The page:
Olympic Viewing: Hockey artistry
Slovenia's Tina Maze celebrates after finishing the women's downhill, to tie for first place with Switzerland's Dominique Gisin at the Sochi 2014 Winter Olympics, Wednesday, Feb. 12, 2014, in Krasnaya Polyana, Russia. (AP Photo/Kirsty Wigglesworth)
KRASNAYA POLYANA, Russia (AP) — Highlights from coverage of the Sochi Winter Olympics:
BANG BANG: Not sure what NBC's Todd Richards meant when he described halfpipe gold medal winner Kaitlyn Farrington's routine as "a machine gun of awesomeness." Sounded cool, though. And isn't that what matters in the world of snowboarding?
SKI TIME: As disappointments pile up for many American competitors, NBC producers need to widen the lens to recognize good stories with athletes from elsewhere in the world. They did so particularly well with the women's downhill event. NBC was ready with an interesting story about how important Slovenia's Tina Maze is to her tiny country, lending texture to her performance as she shared the gold medal with Switzerland's Dominique Gisin. The network's cameras were also well-positioned to catch the tears and smiles as Gisin called her grandparents from the mountain to tell them of her victory.
Women's downhill gold medalists Switzerland's Dominique Gisin, left, and Slovenia's Tina Maze, right, hold hands during a flower ceremony at the Sochi 2014 Winter Olympics, Wednesday, Feb. 12, 2014, in Krasnaya Polyana, Russia. (AP Photo/Christophe Ena)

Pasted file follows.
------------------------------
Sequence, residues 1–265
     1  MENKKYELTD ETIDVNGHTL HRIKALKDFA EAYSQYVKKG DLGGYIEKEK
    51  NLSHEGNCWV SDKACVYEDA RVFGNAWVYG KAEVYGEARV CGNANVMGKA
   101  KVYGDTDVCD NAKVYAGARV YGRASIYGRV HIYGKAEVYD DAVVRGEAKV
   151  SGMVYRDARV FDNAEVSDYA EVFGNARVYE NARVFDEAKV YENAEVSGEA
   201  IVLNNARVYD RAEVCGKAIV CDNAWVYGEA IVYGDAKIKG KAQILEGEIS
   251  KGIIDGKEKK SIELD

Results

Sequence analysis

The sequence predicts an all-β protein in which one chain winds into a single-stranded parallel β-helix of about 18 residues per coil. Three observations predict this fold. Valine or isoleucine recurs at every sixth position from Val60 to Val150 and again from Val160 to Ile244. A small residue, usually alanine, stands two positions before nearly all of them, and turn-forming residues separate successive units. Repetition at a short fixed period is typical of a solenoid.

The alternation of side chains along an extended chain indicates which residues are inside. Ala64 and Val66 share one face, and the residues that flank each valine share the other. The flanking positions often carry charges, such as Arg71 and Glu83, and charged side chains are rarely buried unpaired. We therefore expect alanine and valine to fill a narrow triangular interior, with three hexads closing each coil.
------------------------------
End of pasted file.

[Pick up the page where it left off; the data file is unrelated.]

THOSE LITTLE LADIES: Alpine ski reporter Steve Porino's attempt to describe the athletic skill of the female downhill skiers went horribly wrong. He said they pull off their event with "a Lycra suit, maybe a little bit of makeup. Now that is grace under pressure." He immediately set Twitter ablaze.
TWEET OF THE NIGHT: "I watched the men's alpine ski event. Funny, I don't recall mention of their Lycra suits or any reference to grace. Or makeup."
RATINGS: NBC doesn't just need good news for Americans to do well in the ratings. The network had 23.7 million viewers for its prime-time coverage on Tuesday, the night Shaun White's failed bid for a gold medal in the halfpipe at a third straight Olympics. That's well above the 20.3 million people who watched the corresponding night from Vancouver four years ago. Two mitigating factors: White did not compete the same night four years ago, and NBC faced stiff competition from "American Idol" in 2010.